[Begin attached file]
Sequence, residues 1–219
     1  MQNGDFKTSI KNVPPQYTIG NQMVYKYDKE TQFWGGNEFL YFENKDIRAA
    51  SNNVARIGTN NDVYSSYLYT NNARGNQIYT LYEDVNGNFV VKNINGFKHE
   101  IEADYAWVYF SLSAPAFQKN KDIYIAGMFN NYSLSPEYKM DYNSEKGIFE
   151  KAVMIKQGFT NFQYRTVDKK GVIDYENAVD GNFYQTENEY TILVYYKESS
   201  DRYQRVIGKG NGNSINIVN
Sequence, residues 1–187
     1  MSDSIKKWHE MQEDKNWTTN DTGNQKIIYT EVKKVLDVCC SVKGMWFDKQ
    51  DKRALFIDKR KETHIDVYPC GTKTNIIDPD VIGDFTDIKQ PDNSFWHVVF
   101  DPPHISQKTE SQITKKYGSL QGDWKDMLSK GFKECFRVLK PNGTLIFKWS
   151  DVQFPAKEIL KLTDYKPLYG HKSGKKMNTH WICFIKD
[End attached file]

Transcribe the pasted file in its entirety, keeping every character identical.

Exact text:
Sequence, residues 1–219
     1  MQNGDFKTSI KNVPPQYTIG NQMVYKYDKE TQFWGGNEFL YFENKDIRAA
    51  SNNVARIGTN NDVYSSYLYT NNARGNQIYT LYEDVNGNFV VKNINGFKHE
   101  IEADYAWVYF SLSAPAFQKN KDIYIAGMFN NYSLSPEYKM DYNSEKGIFE
   151  KAVMIKQGFT NFQYRTVDKK GVIDYENAVD GNFYQTENEY TILVYYKESS
   201  DRYQRVIGKG NGNSINIVN
Sequence, residues 1–187
     1  MSDSIKKWHE MQEDKNWTTN DTGNQKIIYT EVKKVLDVCC SVKGMWFDKQ
    51  DKRALFIDKR KETHIDVYPC GTKTNIIDPD VIGDFTDIKQ PDNSFWHVVF
   101  DPPHISQKTE SQITKKYGSL QGDWKDMLSK GFKECFRVLK PNGTLIFKWS
   151  DVQFPAKEIL KLTDYKPLYG HKSGKKMNTH WICFIKD